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Why Mulch Your Garden?

While mulching your garden, understanding your dirt and its needs is the way to planting achievement. Soil goes about as a stay for plant roots and holds air, water and plant supplements which are basic for proceeded with plant development. Mulching your garden traps significant dampness in your dirt enhancing the availablity take-up of supplements and furthermore anticipating weed development.

Why Do you Mulch Soils?

Mulching your dirt is a critical stride for enhancing your dirts structure making them ready to clutch more supplements, dampness and air. You may feel that you are just setting a cover over your dirt, yet infact the mulches are separating and discharging profitable substance into your dirts. So one basic act will enhance your dirt, keeps weeds under control and make your quaint little inns look far superior.

Why Do Soils Need Improving?

Clay soils

Although clay soils hold nutrients well, they are heavy, slow to warm up and tend to be too wet (sticky) in the winter and too dry (rock hard) in the summer. The key to improving these soils is to break up the mass, and increase aeration and drainage by adding composted soil conditioner to achieve a crumb-like texture.

Silty soils

Silt particles are extremely fine and tend to rise to the soil surface forming a water-resistant crust when dry. Adding soil improver will help with the structure and allow water to penetrate.

Sandy soils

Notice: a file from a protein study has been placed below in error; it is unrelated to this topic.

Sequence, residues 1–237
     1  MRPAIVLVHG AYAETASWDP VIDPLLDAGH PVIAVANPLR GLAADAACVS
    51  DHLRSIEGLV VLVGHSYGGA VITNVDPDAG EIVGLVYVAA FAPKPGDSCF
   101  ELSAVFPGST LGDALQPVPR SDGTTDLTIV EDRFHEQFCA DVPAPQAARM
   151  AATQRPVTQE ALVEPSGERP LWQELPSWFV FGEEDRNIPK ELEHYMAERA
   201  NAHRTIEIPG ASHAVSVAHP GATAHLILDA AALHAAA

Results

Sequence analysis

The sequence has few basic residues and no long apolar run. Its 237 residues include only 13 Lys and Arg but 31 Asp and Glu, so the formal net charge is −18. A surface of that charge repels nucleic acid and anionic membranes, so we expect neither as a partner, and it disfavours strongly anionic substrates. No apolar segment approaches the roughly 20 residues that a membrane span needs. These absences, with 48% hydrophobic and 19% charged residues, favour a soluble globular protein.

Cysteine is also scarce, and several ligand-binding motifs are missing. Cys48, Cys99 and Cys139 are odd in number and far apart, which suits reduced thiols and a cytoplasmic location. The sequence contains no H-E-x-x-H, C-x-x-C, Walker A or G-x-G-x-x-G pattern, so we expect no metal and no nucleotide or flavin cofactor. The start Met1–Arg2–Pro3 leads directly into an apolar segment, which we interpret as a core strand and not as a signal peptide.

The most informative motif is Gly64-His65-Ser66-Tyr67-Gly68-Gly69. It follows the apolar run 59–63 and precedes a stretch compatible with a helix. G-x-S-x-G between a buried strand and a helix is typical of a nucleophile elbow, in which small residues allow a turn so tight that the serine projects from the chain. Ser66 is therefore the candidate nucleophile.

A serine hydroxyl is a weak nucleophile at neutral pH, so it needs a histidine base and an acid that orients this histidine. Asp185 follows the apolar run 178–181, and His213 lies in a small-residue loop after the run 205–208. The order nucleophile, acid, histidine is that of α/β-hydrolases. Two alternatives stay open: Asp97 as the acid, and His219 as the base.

These are very light, easily eroded, dry and lack substance and the ability to hold water or nutrients. Soil improvers help to retain moisture and nutrients before they leach away.

Regular mulching will help improve all these soil types and give you much stronger, healthier plants – with the added benefit of reducing weed growth!

What is Mulching?

Mulching your garden is adding a thick layer of organic matter (usually manure, compost or bark) on the surface, this will help to retain soil moisture, suppress weeds, add nutrients and insulate plant roots. The best garden mulch should be attractive too. Try decorative bark or woodchip mulch. Each will provide an attractive surface that adds a decorative and useful finish to flower beds, around the base of trees and along the edges of paths. Make sure you water the ground thoroughly before you add your layer of mulch, you need to trap the moisture in the soil so make sure there is moisture there first!

Different Types of Mulch

There are many different organic mulches available, the best ones will form a dense mat holding in water and gradually breaking down releasing nutrients into the soil. Well rotted Farmyard Manure is often used and is great for keeping weeds off empty beds that are resting over winter, waiting for their spring planting.  When you are ready to plant simply dig the manure in and you have a well fertilised, weed free soil to start planting up.

Leaf mulch is used in a similar way and can easily be made at home by having a seperate compost bin just to collect leaves in, the leaves rot down over the year and produce a lovely organic mulch, and it’s free!

Composted bark is another good choice, much less smelly than the manure and generally darker and richer in colour so more pleasing to the eye.

Wood chip mulch is a popular option, it can come in a range of sizes and styles. Pine bark nuggets tend to be viewed as the most attractive of the barks, with the stripped bark similar to the type you see in childrens play areas being the cheapest option.

How to Apply Mulch

  1. Clear the site of all weeds
  2. If the ground is dry, water thoroughly
  3. Cover the area in a layer of your chosen garden mulch
  4. Make sure the area has a mulch depth of at least 2 inches (5cm)
  5. Clear the mulch away from the stems of the plants
  6. Use a plastic rake to gently level the surface